6 June 08 | Chad W. Post

I could link to a dozen great posts from Ron Hogan of GalleyCat about BEA, but there are two in particular that really jumped out at me, in part because we’ve been talking so much about eBooks and Kindles and whatnot . . .

The first is about Book Publishing’s 2.0 Business Model panel that took place last week and featured independent publisher Derek Powazek, Dave Hanley from Shelfari, and author Scott Sigler. (Sigler is most well known for landing a book deal after serializing and giving away his novel for free online. It’s what you might call, “creating an audience.”)

Anyway, the basic idea is that we shouldn’t be afraid of the internet and giving things away and instead should embrace ways in which readers can interact with one another:

“The old idea that putting something you want to sell in print online devalues the print version is wrong,” Powazek said in agreement, adding that even the distinction between online and offline reading is irrelevant now. And while the book publisher’s role as a source of authority, as exercised by editorial decision, will endure, it’s important to recognize that readers already have the ability to become equally authoritative in slightly different ways. “There are already communities of people out there who consume your work,” he told the publishing execs in the audience. “You just haven’t given them the tools to talk to each other yet.”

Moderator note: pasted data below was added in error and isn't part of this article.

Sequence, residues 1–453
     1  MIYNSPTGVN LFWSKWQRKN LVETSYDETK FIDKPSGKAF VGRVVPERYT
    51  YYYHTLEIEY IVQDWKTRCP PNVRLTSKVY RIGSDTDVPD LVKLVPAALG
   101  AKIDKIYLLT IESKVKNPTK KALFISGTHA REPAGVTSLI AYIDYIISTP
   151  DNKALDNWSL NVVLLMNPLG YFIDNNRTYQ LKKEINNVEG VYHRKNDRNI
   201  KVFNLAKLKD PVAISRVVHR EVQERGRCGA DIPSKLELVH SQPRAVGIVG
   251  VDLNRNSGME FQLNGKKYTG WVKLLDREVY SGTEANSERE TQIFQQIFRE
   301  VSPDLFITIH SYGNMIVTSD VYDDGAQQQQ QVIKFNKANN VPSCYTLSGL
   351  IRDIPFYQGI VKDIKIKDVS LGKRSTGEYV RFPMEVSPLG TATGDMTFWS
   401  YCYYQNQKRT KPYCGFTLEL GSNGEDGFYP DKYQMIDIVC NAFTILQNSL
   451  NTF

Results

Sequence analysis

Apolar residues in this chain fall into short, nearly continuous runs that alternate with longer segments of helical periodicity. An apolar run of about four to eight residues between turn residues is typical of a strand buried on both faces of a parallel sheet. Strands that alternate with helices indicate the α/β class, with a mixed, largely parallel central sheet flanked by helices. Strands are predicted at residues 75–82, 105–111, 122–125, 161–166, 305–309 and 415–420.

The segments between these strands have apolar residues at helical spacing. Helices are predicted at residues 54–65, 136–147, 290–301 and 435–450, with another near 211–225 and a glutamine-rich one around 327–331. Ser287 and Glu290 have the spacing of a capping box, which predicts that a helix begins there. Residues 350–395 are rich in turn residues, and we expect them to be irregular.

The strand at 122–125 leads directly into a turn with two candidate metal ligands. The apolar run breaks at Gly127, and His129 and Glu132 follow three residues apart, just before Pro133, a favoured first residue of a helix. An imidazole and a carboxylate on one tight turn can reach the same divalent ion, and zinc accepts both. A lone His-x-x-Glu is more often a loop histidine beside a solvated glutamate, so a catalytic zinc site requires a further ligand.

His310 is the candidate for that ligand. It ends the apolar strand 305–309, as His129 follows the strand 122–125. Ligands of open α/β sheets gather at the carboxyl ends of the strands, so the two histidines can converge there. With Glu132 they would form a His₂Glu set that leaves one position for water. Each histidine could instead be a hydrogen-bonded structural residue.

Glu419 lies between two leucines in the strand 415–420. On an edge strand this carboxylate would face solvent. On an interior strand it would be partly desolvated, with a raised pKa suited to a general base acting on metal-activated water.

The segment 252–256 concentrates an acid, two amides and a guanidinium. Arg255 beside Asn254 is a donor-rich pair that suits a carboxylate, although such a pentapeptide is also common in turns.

Contrast this though with Ron’s write up of Edward Wyatt’s article in the New York Times that’s primarily about the Kindle and the unease surrounding Amazon’s pricing scheme.

According to Wyatt:

But excitement about the Kindle, which was introduced in November, also worries some publishing executives, who fear Amazon’s still-growing power as a bookseller. Those executives note that Amazon currently sells most of its Kindle books to customers for a price well below what it pays publishers, and they anticipate that it will not be long before Amazon begins using the Kindle’s popularity as a lever to demand that publishers cut prices. [. . .]

Amazon sells most Kindle books for $9.99 or less. Publishers say that they generally sell electronic books to Amazon for the same price as physical books, or about 45 percent to 50 percent of the cover price.

According to a few publishing insiders, the current standard for eBook royalties to authors is 25% of net. Which is slightly higher than the 7.5% of retail price standard for print books. With books generally discounted by 45% to retailers, the difference for a $20 book would be royalties of $2.75/e-version compared to $1.50/print. That starts to cut into a publishers profit margin, which is already quite small . . .

One of the most interesting things Jeff Bezos said was that he believes that the Kindle versions are encouraging people to buy more books rather than simply switching from print to digital. (Some publishing execs dispute that claim.)

Contrast both of these things with the report on Gawker this morning speculating (based on some tangible evidence) that Jane Friedman was pushed out of HarperCollins because of money and that Rupert wants to “see new growth.”

What’s a publisher to do? Give away eBooks? Wait for Amazon to “lower the boom”? For corporate publishers these are huge issues waiting in the wings, especially as even more pressure is placed on CEOs to meet expectations. Interesting times ahead . . .


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